When did God no longer allow marriage between close relatives?

Shortly before Israel occupied Canaan.

After God created Adam and Eve, they had sons and daughters [Gen 5:4].  In order for their children to marry and reproduce, it was necessary for brothers to marry their sisters.  People have often asked, “Where did Cain get his wife?”  The answer is simple, “He married his sister.”  There wasn’t anyone else for him to marry.

Therefore, early on in human history it was necessary for close relatives to marry.  While we don’t know much about marriage between close relatives during the first 2,000 years of human history, we can presume that close relatives continued to marry because Abram [around 2,000 BC] married his half-sister.  Terah is Sarai’s father-in-law according to Gen 11:31 and yet he is also her father according to Gen 20:12.  She and Abram had different mothers but the same father, therefore, Abram was Sarai’s half-brother.

When Abraham sent his servant to find a wife for Isaac, God directed him back to Abraham’s family.  Isaac married Rebekah, the daughter of Bethuel, who was Nahor and Milcah’s son [Gen 24:15].  Thus, Isaac married his first cousin one removed.  Put another way, he married his aunt’s granddaughter.

Jacob married even closer relatives.  He married his uncle’s daughters, who were his first cousins.  Jacob’s mother was Rebekah.  Rebekah’s brother was Laban [Gen 29:10] and Laban’s daughters were Leah and Rachel.

Today, state laws prohibit marriage to a child, grandchild, parent, grandparent, uncle, aunt, niece, nephew, or relative of half blood, such as a half-brother or a half-sister.  Several states also prohibit marriage to a first cousin and even to a more distant relative.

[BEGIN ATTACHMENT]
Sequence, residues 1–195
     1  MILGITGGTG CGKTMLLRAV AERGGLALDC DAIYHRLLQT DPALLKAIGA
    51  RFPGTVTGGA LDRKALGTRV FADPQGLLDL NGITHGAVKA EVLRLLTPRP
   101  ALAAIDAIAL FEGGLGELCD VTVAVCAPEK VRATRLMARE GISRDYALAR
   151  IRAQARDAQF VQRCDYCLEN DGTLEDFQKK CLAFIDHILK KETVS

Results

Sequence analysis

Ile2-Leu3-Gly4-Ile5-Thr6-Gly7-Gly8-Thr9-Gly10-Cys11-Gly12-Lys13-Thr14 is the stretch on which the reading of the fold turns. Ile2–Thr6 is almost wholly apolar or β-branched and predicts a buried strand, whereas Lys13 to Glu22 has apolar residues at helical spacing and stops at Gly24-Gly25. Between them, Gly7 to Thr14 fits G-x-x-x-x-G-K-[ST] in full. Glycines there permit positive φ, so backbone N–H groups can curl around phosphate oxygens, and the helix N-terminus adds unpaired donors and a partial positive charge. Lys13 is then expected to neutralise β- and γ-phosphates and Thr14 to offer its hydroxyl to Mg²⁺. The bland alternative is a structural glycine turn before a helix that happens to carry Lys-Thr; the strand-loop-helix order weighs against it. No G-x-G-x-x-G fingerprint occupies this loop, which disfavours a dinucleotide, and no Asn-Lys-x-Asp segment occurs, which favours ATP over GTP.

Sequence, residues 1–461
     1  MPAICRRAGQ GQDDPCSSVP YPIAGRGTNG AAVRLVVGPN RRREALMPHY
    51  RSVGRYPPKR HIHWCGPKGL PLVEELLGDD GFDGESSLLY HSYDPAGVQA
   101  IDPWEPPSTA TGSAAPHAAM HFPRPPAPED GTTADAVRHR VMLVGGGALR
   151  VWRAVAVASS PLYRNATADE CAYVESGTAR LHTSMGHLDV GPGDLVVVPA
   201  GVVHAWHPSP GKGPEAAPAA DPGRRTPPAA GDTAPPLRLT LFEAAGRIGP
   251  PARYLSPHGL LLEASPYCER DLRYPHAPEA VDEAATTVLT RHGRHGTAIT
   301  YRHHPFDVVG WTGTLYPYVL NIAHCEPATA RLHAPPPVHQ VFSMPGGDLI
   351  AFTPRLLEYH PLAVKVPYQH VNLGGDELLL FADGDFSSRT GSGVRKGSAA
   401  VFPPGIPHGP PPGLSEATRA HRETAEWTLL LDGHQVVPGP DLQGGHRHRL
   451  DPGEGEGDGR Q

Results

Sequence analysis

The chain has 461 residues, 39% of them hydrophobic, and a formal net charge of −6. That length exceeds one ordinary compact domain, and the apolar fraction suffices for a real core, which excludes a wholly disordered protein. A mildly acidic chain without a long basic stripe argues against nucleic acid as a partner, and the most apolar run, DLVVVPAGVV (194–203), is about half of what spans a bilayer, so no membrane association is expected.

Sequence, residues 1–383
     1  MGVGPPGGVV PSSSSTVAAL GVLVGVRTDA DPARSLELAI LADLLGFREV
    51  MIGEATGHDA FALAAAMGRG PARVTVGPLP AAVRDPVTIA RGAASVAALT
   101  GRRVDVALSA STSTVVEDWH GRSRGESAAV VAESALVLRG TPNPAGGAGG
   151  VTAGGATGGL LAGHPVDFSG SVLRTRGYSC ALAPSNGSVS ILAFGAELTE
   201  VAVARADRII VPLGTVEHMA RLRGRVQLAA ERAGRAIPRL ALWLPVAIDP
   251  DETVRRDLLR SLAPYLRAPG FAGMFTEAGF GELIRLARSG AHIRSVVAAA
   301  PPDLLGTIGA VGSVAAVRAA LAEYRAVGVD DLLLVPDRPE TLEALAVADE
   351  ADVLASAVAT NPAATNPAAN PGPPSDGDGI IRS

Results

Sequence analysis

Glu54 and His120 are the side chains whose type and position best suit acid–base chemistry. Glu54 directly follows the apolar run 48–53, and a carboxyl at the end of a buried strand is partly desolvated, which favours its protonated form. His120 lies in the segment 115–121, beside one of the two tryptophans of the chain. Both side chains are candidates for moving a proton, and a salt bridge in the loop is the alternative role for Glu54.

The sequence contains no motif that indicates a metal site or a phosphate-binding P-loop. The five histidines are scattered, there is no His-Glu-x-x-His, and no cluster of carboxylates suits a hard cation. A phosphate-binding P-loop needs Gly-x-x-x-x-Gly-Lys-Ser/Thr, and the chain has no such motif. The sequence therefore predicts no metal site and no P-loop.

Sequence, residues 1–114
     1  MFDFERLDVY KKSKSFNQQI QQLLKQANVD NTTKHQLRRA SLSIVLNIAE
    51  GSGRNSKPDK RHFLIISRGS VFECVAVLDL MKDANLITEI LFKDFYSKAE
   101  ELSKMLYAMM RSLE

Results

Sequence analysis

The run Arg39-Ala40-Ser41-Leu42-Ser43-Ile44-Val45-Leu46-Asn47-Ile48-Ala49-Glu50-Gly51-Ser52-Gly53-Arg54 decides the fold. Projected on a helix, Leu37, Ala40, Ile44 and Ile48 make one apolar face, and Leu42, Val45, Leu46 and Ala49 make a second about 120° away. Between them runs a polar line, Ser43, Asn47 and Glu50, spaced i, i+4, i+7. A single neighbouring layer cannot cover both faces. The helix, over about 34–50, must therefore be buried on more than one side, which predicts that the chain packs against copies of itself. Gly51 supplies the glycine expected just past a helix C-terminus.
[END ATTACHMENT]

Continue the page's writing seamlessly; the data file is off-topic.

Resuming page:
These laws are based upon Lev 18 and Lev 20.  The prohibited marriages in Leviticus are to your father or mother [18:7], your father’s wife [18:8], your sister [18:9], your grandchild [18:10], your half-sister [18:11], your aunt [18:12-14], your daughter-in-law [18:15], your sister-in-law [18:16, 18], a mother and her daughter or granddaughter [18:17], or a married woman [18:20].  The inhabitants of Canaan had defiled their land by committing these abominations [Lev 18:24-29].

God established these ordinances while Israel was still wandering in the desert.  He was getting them ready to inhabit the land of Canaan and he did not want them committing the same abominations that the nations before them had committed.  So, up until this time, marriage to a half-sister would have been still allowed as it was in Abram’s case.  But after this, it was strictly prohibited.

Notice that these laws of God do not prohibit marriages to first cousins.  Thus, when the daughters of Zelophe had married their first cousins to preserve their inheritance within the borders of Manasseh, they were not in violation of the ordinances in Leviticus 18 [Num 36:9-12].

Hope this helps,

Pastor Bevans Welder